Aside from the great documentation available for Snowflake users, there aren’t any dedicated challenges to helps ourselves in further developing our Snowflake skills. Luckily, there is a new kid on the block now… Frosty Friday (https://frostyfriday.org/), a series of weekly challenges released every Friday to help us practice and develop our Snowflake skills. Created by Snowflake users, for Snowflake users.
In this post, we will go through challenge 1 and better understand different features within Snowflake.
Frosty Friday – Challenge 1
For the first challenge, we are asked to create an external stage, and load the CSV files (Currently in a s3 bucket) directly from that stage into a snowflake table. For a better context, Please refer to the challenge instructions.
Let’s go through the steps in order to make that happen.
- Environment configuration
- File format to stage
- Creating Tables and copying the data
After firing up our Snowflake instance we would like to set up our environment. We should state what will be our Role, Warehouse, Database and Schema.
My configuration is Role SYSADMIN, Warehouse COMPUTE_WH, Database ATZMON_DB and Schema CHALLENGES. In case you don’t have these set up, you can easily create them.
By default, Snowflake generates a warehouse called compute_wh but you can easily create another one using the code below where we create a SNOWFLAKE_WH virtual environment with the smallest size which auto suspends after 60 seconds of idle time.
// Creating a Warehouse
CREATE WAREHOUSE SNOWFLAKE_WH
WAREHOUSE_SIZE = XSMALL
AUTO_SUSPEND = 60
AUTO_RESUME = TRUE
INITIALLY_SUSPENDED = TRUE
STATEMENT_QUEUED_TIMEOUT_IN_SECONDS = 300
STATEMENT_TIMEOUT_IN_SECONDS = 600;
Similar to creating a warehouse, it’s quite straightforward to create a database.
// Creating a Database
CREATE DATABASE ATZMON_DB
COMMENT = 'Challenges tables and views';
// Creating a Schema
CREATE SCHEMA CHALLENGES
COMMENT = 'Schema for Challenges';
Let’s finalise our set up with the code below.
// Environment Configuration
USE WAREHOUSE COMPUTE_WH
USE DATABASE ATZMON_DB
USE SCHEMA CHALLENGES
File Format to Stage
Stage is a place to put things temporarily before moving them to a more stable location. Since our csv file is located in a s3 bucket, we will create an external stage (Short term temp location) and unload the data. Later on we will ingest the data and load it to a table within our database (Long term storage).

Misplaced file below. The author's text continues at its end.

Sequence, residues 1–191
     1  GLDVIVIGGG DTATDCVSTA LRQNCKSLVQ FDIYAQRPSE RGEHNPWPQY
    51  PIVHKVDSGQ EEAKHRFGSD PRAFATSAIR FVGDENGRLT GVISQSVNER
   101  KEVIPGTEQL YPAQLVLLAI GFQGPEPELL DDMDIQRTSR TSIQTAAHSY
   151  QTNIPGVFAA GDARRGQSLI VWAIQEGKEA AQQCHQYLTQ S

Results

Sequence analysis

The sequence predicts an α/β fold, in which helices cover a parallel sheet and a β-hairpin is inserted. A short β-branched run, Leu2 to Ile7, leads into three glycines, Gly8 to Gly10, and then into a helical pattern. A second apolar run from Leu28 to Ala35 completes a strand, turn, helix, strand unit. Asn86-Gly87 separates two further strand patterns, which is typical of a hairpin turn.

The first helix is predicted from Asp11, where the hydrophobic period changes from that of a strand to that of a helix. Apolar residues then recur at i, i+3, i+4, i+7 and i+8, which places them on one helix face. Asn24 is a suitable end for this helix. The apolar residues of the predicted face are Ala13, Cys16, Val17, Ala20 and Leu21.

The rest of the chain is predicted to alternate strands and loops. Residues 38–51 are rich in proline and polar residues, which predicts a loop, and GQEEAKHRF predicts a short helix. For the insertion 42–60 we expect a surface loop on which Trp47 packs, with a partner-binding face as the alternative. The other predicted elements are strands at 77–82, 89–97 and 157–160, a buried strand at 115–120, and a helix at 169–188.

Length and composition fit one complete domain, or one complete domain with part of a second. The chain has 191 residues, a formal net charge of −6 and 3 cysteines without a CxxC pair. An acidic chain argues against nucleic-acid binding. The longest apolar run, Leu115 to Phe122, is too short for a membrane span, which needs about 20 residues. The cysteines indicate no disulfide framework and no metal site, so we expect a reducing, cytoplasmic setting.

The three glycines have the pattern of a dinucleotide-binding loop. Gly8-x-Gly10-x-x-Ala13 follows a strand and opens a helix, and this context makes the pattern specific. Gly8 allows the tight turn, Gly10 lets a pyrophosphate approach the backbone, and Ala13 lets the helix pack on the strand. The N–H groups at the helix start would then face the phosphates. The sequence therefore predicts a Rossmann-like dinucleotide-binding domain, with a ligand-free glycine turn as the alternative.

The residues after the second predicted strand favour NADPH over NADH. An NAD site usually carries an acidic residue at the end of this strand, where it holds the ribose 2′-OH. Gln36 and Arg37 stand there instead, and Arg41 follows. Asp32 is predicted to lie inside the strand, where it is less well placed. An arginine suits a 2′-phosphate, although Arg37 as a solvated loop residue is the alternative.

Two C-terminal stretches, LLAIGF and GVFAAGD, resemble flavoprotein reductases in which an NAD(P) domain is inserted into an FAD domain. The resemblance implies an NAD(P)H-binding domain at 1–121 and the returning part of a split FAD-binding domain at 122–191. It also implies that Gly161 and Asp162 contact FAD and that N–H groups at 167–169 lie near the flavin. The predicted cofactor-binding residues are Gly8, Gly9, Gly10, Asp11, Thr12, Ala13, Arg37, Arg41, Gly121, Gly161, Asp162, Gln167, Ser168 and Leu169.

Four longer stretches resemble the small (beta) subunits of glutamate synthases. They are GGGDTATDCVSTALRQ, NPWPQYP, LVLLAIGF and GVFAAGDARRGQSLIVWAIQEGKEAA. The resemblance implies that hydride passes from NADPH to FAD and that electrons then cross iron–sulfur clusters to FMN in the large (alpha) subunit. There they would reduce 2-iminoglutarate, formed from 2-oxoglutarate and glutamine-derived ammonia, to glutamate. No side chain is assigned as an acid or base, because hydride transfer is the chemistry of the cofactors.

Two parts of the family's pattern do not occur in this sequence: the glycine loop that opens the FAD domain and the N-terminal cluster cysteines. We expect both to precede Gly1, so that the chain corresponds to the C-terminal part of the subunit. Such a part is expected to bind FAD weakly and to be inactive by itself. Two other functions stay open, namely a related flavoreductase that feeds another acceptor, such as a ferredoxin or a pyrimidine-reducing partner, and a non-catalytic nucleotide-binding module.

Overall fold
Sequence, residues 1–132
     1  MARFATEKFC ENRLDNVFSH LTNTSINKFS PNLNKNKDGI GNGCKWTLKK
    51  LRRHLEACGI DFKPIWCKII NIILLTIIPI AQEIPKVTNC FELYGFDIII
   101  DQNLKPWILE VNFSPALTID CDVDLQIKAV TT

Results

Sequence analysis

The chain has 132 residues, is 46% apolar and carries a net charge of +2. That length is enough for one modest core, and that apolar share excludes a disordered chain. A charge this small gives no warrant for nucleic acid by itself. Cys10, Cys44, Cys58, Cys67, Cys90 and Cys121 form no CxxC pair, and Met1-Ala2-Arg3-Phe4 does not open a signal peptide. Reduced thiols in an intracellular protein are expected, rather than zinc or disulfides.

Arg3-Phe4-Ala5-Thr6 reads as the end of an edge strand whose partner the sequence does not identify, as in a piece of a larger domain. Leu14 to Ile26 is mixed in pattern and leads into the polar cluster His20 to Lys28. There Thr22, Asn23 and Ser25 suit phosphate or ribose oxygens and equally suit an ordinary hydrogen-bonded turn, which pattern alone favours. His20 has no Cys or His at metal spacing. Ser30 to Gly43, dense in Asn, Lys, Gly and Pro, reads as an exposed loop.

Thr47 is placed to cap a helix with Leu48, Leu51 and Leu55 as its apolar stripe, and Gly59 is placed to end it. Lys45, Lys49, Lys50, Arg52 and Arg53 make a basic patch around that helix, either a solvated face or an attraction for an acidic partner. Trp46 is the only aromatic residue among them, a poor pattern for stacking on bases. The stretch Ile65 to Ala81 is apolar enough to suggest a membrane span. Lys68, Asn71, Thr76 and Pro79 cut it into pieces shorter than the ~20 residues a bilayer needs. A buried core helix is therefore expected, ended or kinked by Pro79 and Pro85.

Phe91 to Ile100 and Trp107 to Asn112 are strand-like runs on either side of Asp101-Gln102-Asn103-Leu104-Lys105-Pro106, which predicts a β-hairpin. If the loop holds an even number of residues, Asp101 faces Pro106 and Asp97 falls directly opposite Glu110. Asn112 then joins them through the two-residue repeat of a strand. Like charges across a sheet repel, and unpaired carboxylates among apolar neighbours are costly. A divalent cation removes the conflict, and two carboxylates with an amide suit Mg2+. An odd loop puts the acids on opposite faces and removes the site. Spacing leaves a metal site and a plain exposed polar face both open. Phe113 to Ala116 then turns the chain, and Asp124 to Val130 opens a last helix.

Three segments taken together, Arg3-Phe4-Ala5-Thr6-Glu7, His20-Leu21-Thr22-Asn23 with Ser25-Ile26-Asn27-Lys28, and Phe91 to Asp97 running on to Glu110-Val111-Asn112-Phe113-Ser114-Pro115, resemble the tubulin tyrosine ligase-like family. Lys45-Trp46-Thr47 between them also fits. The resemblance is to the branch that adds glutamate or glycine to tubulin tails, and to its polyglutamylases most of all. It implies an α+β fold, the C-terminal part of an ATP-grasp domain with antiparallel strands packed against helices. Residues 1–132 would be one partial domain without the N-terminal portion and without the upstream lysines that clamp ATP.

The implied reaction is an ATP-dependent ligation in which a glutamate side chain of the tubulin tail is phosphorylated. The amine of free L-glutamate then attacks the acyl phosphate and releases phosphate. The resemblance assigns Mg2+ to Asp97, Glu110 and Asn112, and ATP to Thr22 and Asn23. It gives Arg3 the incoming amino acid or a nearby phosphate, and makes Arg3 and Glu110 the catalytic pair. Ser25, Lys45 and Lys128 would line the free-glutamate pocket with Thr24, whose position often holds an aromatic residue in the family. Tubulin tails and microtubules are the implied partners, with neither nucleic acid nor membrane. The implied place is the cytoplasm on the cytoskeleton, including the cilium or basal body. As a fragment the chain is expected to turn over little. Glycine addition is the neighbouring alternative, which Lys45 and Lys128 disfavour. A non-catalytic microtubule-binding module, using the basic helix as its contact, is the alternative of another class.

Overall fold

Before we ingest any data we need to understand, or at least let Snowflake understand what is the underlying structure of the data. Snowflake needs to understand the file format we expect the data to be. Having CSV data residing in our s3 bucket, we will create a CSV file format.
// Creating a CSV file format
CREATE OR REPLACE FILE FORMAT ch1_csvformat
type = 'CSV'
field_delimiter = ','
skip_header = 1;
After creating a CSV file format, we will use it while creating a stage.
// Creating a Stage Object to reference data files stored in a s3 bucket
CREATE OR REPLACE STAGE ch1_csv_stage
file_format = ch1_csvformat
url = 's3://frostyfridaychallenges/challenge_1/';
// List objects in stage
After unloading our s3 bucket on stage, we would like to push the data to a more stable place – a table. For the creation of a table, we should let Snowflake know what is the Table Schema – A brief description regarding the table’s columns and their related data type.
First, let’s have a look at the csv we uploaded to our stage:
// Checking the CSV in stage
FROM @ch1_csv_stage (file_format => ch1_csvformat);
For those who are not familiar with snowflake notations, $1 and $2 are the regular data columns in the staged file.
Creating a Table with Data
Going forward with checking the result, we see only one column with text content. let’s go ahead and create our table. For our table schema, we’ll use one column (C1) with a VARCHAR data type.
// Creating a table and table schema
CREATE OR REPLACE TABLE "ATZMON_DB"."CHALLENGES"."CH1_CSV_TABLE"
Snowflake objects names such as schema, table, stage etc. must be unique within the context of the object type and the “parent” object. To enable resolving objects that have the same identifiers in different databases/schemas, Snowflake supports object identifiers in the form of:
Once our table is created, we can go ahead and copy the data in and check the final resulting table.
// Loading the CSV data into a table within the DB
COPY INTO "ATZMON_DB"."CHALLENGES"."CH1_CSV_TABLE"
// Checking the final table
SELECT * FROM ch1_csv_table
Our first challenge is done!
The Frosty Friday challenges give us the opportunity to really understand the different features in Snowflake. There is no doubt in my mind, they are a great way to develope our skills.
Stay tuned for more Frosty challenges!